That’s the easy part. We just changed the doorknob on the master bathroom. Now we’re going to start taking out walls. To do that, let’s take a lesson out of the punting handbook.
Punting—yes, punting—can teach us quite a bit about the way targeting should be officiated going forward. If we have two different penalties to differentiate how a punter is contacted by a player on the opposing team—the five-yard running into the kicker call and the groan-inducing, first-down generating roughing variety—then the most dangerous hits in college football warrant more than a yes or no.
This became abundantly clear when watching these hits and calls add up over the course of the season. We need to categorize them, or at the very least, differentiate between the extreme, dangerous plays and the many close calls that are toeing the line.
The message can still be sent that these hits are no longer acceptable, but with purpose and care. That’s where Pat Fitzgerald’s concept of red and yellow cards could be a welcomed edition. Please, put your potential soccer angst aside. Or if you feel better, make the cards whatever color you want. Heck, make them toothbrushes if that helps.
Let’s keep immediate ejections incorporated because realistically they aren’t going away. And quite frankly, there are certain moments that warrant an ejection. The intent can be debated, although there were a handful of hits that were textbook targeting during the 2013 season.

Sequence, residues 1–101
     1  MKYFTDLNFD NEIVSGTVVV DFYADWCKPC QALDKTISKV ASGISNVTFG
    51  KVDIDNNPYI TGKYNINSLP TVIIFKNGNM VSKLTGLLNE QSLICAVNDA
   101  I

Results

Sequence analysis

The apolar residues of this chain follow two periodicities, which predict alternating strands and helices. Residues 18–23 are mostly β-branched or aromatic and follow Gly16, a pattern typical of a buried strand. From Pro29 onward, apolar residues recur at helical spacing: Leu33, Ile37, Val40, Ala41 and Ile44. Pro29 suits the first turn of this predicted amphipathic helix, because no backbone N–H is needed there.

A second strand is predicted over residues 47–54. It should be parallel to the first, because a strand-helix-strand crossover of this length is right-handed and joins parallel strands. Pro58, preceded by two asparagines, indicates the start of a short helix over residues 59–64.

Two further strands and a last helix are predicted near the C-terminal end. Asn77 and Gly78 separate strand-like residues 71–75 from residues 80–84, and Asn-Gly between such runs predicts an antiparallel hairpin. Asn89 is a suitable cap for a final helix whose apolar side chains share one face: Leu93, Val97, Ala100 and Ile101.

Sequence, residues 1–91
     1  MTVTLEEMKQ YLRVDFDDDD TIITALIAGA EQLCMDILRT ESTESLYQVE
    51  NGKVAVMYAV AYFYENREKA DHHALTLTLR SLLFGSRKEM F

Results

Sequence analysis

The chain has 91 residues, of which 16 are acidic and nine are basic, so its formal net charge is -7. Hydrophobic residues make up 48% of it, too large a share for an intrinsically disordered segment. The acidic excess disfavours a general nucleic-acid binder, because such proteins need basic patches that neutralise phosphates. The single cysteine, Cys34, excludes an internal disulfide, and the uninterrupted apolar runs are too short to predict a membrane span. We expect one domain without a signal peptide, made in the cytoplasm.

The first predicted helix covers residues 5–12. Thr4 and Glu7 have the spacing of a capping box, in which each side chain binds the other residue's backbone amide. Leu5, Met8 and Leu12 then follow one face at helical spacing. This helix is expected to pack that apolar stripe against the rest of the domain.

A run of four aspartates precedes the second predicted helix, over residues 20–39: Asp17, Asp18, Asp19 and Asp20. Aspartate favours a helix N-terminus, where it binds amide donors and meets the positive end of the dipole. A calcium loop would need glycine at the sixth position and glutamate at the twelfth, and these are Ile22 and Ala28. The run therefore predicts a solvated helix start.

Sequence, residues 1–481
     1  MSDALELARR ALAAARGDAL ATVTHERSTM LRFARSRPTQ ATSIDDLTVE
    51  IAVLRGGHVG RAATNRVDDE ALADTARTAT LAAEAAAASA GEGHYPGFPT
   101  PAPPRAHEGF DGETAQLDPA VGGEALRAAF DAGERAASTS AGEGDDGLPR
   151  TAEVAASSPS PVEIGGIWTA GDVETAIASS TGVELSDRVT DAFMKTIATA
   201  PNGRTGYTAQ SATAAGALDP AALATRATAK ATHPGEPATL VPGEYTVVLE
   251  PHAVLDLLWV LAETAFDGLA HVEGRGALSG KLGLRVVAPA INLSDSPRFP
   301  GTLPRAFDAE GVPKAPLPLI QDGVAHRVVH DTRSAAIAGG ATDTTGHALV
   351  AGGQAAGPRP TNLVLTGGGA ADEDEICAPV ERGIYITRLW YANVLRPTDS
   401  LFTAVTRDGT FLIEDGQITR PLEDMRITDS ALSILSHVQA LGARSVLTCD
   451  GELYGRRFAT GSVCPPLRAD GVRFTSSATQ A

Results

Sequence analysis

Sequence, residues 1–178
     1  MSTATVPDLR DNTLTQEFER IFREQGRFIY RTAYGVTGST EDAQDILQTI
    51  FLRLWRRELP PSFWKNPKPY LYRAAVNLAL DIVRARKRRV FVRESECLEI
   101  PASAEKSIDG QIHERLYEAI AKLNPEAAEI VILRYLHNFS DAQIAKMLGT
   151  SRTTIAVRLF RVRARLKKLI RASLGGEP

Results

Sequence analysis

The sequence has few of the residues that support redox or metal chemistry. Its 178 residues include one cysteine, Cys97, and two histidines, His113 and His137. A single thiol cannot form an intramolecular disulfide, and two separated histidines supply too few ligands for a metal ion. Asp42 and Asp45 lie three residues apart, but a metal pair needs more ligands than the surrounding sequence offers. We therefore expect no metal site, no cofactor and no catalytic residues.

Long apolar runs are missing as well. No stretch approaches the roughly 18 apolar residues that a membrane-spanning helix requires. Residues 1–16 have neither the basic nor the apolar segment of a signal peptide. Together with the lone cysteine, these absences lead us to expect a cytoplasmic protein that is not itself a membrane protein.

Take this hit by Oregon defensive back Terrance Mitchell, for example. One of the earliest ejections of the year came when Mitchell dove headfirst into Nicholls State QB Beaux Hebert.
While the level of contact changes with Hebert’s slide, this is the kind of tackle the sport has to attempt to eliminate.
This, for purposes relevant to this solution, would be deemed a red card (or blue toothbrush or whatever you came up with). The player would be ejected, the play would be reviewed and the 15-yard penalty would be tacked on where the play occurred.
Sound familiar? It should.
It’s the same process we have now, still in motion when the time calls for it. Here’s where we go our separate ways, though.
For the unclear moments, the hits that are walking the grey area of the rule—or the initial calls that were simply incorrect after multiple, slowed viewings—another qualification is needed. It’s close enough to draw a flag, which is worth something. But it’s not textbook targeting, and the replay shows that the original call was either a) up for serious debate or b) wrong altogether.
One play that comes to mind—and there were many that fall under this grey area—is Texas A&M defensive back Deshazor Everett’s hit on Rice receiver Klein Kubiak early in the 2013 season.